matter
40.7
±
431
37.27
±
3.16
40.58
±
3.01
39.01
±
2.19
Total
Kjeldahl
nitrogen
(%)
1.13
±
0.16
133
±
0.22
130
±
0.14
1.44
±
0.11
Total
phosphorous
(%)
0.45
±
0.11
0.55
±
0.05
0.61
±
0.12
0.52
±
0.07
C/N
36.01
±
3.41
28.02
±
2.13
31.22
±
3.04
27.09
±
2.21
C/P
90.44
±
12.91
67.76
±
7.01
66.52
±
9.18
75.01
±
5.66
Humic
substances,%
of
dry
matter
5.84
±
1.09
635
±
0.97
7.04
±
1.13
7.15
±
0.88
Total
phenolic
compounds
(mg/kg)
212
±34
192
±
23
188
±
51
173
±
19
Germination
index
124
±
21
138
±
12
177
±
19
201
±
9
Grow
index
(%)
73
±
5
77
±
6
77
±
10
92±3
(62.35
±
8.03%).
Fenton
processes
are
suitable
to
treat
a
wide
vari-
ety
of
effluents
irrespective
of
their
concentration
and
origin
and
are
characterized
by
their
simple
and
versatile
operation.
As
olive
oil
manufacturing
industries
are
usually
small
plants
with
a
low,
seasonal
wastewater
flow,
a
small
Fenton
unit
would
suffice
to
cope
efficiently
with
the
effluents
produced.
Rivas
et
al.
(2001)
estimated
that
OMW
treatment
(15
mg
L
-1
of
inlet
COD
and
80-90%
COD
reduction
achieved
in
residence
times
between
1
and
8
h
depending
on
the
operating
conditions
employed)
by
Fen-
ton's
reagent
would
cost
USD
3.2
per
m
3
of
wastewater
treated
and
mg
L
-1
of
COD
removed.
This
value
is
greater
than
that
of
the
con-
ventional
biological
treatment
of
OME
by
about
an
order
of
magni-
tude
since
H
2
0
2
consumption
comprises
a
significant
fraction
of
the
operating
costs.
In
this
respect,
studies
are
needed
to
optimise
the
dosage
of
the
Fenton's
components
used,
thus
avoiding
waste
of
costly
chemicals
(Mantzavinos
and
Kalogerakis,
2004).
Table
3
shows
the
characterization
of
the
final
product
after
120
d
of
matu-
rity.
It
was
obvious
that
the
B1
sample
of
CS2
was
presented
with
better
characteristics
than
the
other
final
products.
Specifically,
the
B1
final
cured
compost
is
presented
with
pH
at
7.6
±
0.01,
Organic
Matter
at
72.90
±
1.97%,
TOC
at
72.9
±
1.97%,
TKN
at
1.44
±
0.11%,
TP
at
0.52
±
0.07%,
C/N
and
C/P
ratio
at
27.09
±
2.21
and
75.01
±
5.66
respectively,
total
humics
at
7.15
±
0.88%,
total
pheno-
lic
compounds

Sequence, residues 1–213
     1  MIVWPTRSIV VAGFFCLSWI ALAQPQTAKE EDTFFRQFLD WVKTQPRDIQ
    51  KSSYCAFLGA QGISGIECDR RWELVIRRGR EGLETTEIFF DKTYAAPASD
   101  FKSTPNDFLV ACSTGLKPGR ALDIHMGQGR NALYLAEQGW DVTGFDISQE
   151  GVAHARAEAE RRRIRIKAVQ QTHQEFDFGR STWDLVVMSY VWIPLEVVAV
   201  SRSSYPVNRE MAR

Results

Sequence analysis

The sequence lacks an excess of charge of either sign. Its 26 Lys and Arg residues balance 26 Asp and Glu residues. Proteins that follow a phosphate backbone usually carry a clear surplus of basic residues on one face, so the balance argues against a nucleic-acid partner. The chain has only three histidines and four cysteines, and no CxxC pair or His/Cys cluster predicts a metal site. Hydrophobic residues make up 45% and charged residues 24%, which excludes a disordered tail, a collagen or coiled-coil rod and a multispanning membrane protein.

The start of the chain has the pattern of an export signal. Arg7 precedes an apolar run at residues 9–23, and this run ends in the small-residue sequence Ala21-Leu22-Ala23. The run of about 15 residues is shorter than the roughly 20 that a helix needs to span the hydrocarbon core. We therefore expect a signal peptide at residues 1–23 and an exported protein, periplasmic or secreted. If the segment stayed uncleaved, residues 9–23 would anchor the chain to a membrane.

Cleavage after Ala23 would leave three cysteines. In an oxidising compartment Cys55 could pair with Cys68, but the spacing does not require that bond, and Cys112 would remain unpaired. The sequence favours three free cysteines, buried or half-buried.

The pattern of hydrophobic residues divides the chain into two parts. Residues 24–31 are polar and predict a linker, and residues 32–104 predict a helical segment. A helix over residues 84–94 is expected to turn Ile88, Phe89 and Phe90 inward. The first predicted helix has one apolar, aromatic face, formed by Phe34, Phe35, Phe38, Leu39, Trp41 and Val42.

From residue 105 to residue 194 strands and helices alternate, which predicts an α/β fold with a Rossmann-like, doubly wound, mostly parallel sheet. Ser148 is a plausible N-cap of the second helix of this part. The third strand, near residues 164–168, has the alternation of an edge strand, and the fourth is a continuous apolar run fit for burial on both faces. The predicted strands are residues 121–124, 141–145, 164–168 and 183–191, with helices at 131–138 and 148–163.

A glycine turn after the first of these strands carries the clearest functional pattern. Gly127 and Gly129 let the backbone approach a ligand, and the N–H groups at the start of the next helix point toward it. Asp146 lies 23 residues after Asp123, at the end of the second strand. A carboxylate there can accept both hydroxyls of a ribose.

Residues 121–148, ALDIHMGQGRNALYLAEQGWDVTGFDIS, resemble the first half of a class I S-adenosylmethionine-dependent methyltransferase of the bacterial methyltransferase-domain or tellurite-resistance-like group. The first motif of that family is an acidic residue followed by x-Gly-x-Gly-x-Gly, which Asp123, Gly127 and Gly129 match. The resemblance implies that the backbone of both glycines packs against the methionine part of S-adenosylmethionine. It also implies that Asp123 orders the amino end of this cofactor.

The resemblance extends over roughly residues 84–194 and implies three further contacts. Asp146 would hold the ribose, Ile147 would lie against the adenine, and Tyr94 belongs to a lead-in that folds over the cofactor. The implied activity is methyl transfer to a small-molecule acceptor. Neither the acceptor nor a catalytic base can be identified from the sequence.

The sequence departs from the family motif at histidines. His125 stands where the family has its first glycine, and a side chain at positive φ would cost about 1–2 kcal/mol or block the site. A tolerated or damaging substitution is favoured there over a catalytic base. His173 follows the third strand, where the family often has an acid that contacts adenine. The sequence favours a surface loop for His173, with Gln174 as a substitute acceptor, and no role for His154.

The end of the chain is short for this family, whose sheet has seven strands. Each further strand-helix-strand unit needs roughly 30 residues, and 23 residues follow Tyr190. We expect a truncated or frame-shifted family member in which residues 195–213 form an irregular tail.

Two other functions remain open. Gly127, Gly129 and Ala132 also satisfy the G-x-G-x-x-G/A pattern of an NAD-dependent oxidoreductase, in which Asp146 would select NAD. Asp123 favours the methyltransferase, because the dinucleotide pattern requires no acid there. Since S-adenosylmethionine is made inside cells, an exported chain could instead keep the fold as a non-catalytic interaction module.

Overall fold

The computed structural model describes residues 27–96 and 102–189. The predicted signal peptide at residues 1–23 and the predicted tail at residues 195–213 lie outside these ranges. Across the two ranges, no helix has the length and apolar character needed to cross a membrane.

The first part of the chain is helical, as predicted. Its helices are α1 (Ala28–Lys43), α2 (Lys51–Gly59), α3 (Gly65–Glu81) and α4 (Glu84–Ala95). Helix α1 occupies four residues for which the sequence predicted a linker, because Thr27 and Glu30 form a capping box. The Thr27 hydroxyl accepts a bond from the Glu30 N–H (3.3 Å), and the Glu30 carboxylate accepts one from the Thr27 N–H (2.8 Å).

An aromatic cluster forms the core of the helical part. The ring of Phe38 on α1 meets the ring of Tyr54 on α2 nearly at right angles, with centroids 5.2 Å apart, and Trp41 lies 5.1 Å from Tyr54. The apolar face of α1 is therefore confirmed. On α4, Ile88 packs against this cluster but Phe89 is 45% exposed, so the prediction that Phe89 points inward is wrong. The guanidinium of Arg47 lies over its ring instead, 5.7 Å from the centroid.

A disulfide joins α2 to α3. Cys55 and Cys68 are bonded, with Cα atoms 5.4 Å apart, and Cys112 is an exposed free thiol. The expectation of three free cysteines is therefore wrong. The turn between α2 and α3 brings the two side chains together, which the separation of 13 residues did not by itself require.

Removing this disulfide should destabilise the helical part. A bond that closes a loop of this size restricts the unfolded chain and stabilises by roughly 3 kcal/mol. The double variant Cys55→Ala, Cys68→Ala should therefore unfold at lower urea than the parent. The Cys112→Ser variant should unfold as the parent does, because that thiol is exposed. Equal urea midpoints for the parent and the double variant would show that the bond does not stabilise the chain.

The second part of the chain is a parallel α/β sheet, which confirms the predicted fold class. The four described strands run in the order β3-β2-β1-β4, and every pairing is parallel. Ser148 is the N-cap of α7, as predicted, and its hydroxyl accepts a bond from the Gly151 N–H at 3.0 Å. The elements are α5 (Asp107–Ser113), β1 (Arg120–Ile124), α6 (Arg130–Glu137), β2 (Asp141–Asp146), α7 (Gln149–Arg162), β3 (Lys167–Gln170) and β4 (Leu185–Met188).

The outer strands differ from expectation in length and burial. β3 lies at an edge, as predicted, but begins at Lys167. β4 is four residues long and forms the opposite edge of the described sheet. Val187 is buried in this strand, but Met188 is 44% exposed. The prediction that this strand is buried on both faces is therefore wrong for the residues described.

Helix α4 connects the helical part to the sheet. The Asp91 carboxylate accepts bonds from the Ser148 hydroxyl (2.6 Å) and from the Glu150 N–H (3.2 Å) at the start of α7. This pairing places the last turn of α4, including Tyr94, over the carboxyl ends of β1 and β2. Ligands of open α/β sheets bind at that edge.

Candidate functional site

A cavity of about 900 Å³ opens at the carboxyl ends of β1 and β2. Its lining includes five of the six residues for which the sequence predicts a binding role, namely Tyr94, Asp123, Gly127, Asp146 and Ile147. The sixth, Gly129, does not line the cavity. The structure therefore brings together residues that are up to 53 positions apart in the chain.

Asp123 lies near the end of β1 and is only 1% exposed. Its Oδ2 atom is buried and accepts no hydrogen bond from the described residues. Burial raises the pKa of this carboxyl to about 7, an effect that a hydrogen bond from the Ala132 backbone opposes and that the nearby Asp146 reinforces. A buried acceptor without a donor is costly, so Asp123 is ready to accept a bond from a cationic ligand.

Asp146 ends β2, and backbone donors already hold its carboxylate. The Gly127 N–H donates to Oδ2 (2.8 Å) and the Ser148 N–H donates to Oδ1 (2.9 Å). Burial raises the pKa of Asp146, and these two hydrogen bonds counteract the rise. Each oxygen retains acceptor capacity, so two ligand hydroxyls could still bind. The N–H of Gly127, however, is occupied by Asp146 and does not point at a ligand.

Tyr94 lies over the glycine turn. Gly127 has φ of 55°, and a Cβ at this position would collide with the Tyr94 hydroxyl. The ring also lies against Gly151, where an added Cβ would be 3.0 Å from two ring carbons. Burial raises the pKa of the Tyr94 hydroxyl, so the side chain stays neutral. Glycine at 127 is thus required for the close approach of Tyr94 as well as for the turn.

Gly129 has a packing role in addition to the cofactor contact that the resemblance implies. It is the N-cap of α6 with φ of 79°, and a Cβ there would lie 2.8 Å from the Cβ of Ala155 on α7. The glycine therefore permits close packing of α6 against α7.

at
173
±
19
mg
kg
-1
while
the
G.I
is
at
201
±
9.
As
olive
oil
manufacturing
industries
are
usually
small
plants
with
a
low,
seasonal
wastewater
flow,
a
small
Fenton
unit
would
suffice
to
cope
efficiently
with
the
effluents
produced.
This
process
proved
to
be
effective
for
the
reduction
of
wastewater
pollution
load
and
its
detoxification.
After
this
implementation,
the
conven-
tional
biological
treatment
of
wastewaters
is
feasible
and
cost
effective.
Moreover,
further
wastewater
treatment
with
reed
beds
could
render
them
totally
recyclable.
The
proposed
approach
to-
wards
a
sustainable
solution
to
the
environmental
impacts
of
olive
oil
processing
includes
the
production
of
organic
fertilizer/soil
con-
ditioner
combined
with
the
effective
chemical
and
biological
oxi-
dation
of
wastewaters.
Hence,
the
Fenton's
reaction
appears
to
be
useful
for
reducing
toxic
phenolic
compounds
consequently
in-
creases
the
biodegradability
of
OMW.
Compared
to
other
AOPs,
Fenton's
reaction
presents
several
advantages.
H
2
0
2
is
environ-
mentally
friendly,
since
it
slowly
decomposes
into
oxygen
and
water.
Besides,
the
abundance,
lack
of
toxicity
and
ease
of
removal
from
water
makes
Fe
2
+
the
most
commonly
used
transition
metal
for
Fenton's
reaction
applications.
The
above
characteristics
make
compost
suitable
for
agricultural
requirements
and
suggest
that
it
can
be
used
as
an
effective
product
for
plant
growth
according
to
European
Guidelines
(European
Commission,
2005).
Very
inter-
esting
research
approaches
which
are
not
presented
in
this
re-
search
is
for
the
future
the
co-composting
from
the
total
waste
production
from
the
olive
oils
industry
in
Cyprus.
The
integrated
management
system
may
include
the
chemical-organic
sludge
produced
by
the
oxidative
process,
the
sludge
produced
by
the
bio-
logical
process,
the
olive
tree
leaves,
the
olive
stones
and
the
resi-
dues
from
the
reed
beds
for
the
production
of
an
ecological
soil
conditioner
with
very
good
control
nutrient
properties.
5.
Conclusions
From
all
the
above
it
can
be
concluded
regarding
the
pollution
problems
caused
by
olive
oil
production,
a
solution
based
on
the
principles
of
the
clean
technology
concept
could
be
the
detoxifica-
tion
of
wastewaters
and
the
composting
with
the
olive
oil
solid
res-
idues.
The
use
of
Fenton's
reaction
as
a
primary
treatment
of
OMW
enhances
the
efficiency
of
the
composted
material.
It
is
obvious
that
the
final
characteristics
of
the
composted
material
presented
with
a
very
good
soil
conditioner.